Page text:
Oncology has emerged from the days of limited options when a cancer diagnosis nearly always meant radiation and/or chemotherapy, with patients suffering both from the disease and from the toxic side-effects of treatment.
Currently a large arsenal of different treatment approaches exists that allows doctors to treat patients in the most appropriate way, depending on the characteristics of the disease.
This era of so-called personalised medicine strives to offer therapies that target aspects of the tumour and, in principle, should have less impact upon healthy tissue, less toxic effects. New therapy strategies are specific for the type and stage of the tumour and take into account prior treatments received by the patient.
However, a truly personalised cancer medicine for all forms of the disease is still elusive. Targeted agents (e.g. monoclonal antibodies and small molecule tyrosine kinase inhibitors) are improving cure rates for some types of cancer (e.g. colon, breast, lung and renal cancer), but development of these agents for some cancer types has progressed more slowly due to the biological complexity of the disease. Furthermore, existing treatment strategies need to be refined, as resistance to drugs continues to appear. The mandate for continued research is hindered by aspects ranging from research hurdles to economics. Although understanding of cancer biology has progressed rapidly, our knowledge is incomplete and instruments to facilitate this knowledge are still in development. Furthermore, existing targeted therapies are disproportionately available to patients throughout the countries of the European Union and in other continents.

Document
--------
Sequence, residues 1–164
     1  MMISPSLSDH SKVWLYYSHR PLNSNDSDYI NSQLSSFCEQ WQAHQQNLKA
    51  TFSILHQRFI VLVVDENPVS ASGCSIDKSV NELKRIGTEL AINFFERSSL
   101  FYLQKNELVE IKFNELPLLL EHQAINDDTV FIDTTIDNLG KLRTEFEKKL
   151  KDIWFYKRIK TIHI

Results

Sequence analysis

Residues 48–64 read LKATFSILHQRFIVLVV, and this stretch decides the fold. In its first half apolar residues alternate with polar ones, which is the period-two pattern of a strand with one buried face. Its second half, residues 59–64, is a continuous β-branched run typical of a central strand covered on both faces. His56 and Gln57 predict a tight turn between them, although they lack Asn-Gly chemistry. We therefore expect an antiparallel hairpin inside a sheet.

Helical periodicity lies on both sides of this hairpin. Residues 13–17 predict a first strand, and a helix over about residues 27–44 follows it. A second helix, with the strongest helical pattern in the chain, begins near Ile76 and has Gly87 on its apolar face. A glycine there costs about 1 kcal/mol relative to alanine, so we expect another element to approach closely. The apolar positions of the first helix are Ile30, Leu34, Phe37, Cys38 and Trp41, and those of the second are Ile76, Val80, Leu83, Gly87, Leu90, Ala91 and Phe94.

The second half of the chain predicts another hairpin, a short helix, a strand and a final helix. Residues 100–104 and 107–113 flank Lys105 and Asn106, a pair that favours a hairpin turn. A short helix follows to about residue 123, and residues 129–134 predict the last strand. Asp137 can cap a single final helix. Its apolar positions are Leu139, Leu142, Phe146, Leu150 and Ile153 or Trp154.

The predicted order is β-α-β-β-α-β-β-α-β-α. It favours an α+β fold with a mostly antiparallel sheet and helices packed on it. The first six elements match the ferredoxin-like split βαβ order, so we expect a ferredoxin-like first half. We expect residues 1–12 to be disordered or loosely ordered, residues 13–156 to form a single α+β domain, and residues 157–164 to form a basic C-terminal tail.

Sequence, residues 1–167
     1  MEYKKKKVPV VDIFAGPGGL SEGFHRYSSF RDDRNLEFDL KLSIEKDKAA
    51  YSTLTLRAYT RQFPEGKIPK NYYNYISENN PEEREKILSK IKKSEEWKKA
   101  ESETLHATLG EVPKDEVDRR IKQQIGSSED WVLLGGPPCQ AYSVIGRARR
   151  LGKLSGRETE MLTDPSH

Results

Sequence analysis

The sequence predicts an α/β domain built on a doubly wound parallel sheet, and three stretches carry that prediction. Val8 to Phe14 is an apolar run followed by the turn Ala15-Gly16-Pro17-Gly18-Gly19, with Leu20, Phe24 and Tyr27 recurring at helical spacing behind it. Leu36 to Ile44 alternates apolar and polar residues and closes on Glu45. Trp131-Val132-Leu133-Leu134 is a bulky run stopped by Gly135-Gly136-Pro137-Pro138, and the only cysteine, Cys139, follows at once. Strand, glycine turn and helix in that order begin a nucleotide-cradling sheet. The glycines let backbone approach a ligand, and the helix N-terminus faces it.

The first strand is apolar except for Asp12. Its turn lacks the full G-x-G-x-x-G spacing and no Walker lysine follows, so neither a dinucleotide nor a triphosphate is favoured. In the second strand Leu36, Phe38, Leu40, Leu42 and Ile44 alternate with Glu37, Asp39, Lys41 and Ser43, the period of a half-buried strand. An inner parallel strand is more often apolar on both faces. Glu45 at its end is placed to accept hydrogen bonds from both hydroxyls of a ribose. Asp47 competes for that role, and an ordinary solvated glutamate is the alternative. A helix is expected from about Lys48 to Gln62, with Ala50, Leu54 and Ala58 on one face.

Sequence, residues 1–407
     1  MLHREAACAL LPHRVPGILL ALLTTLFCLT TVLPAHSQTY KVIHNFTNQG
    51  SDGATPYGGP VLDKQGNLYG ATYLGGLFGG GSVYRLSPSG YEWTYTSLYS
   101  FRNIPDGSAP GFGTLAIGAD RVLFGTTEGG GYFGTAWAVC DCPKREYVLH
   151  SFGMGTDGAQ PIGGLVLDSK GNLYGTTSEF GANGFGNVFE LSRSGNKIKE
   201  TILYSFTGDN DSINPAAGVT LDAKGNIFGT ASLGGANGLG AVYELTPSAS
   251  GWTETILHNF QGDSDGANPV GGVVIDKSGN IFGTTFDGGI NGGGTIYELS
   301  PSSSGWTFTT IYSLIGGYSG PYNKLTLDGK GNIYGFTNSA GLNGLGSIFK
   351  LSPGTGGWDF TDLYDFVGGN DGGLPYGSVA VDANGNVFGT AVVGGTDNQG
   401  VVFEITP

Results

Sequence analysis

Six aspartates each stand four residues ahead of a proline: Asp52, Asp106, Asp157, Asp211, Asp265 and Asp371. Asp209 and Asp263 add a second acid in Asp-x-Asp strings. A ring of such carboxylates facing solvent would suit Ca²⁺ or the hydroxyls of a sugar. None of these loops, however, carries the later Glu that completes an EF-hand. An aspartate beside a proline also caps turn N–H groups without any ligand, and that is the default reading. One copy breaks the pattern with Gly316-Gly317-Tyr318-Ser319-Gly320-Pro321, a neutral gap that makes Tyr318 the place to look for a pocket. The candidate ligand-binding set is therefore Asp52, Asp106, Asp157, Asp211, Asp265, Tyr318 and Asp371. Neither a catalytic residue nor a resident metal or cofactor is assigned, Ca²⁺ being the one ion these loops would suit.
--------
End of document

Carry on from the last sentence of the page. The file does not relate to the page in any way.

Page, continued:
Join ESMO, the European reference professional society of medical oncologists, in spreading a correct understanding of personalised medicine and in urging that the necessary actions be taken by the research and public policy communities to make personalised cancer treatment a reality to all cancer patients as soon as possible.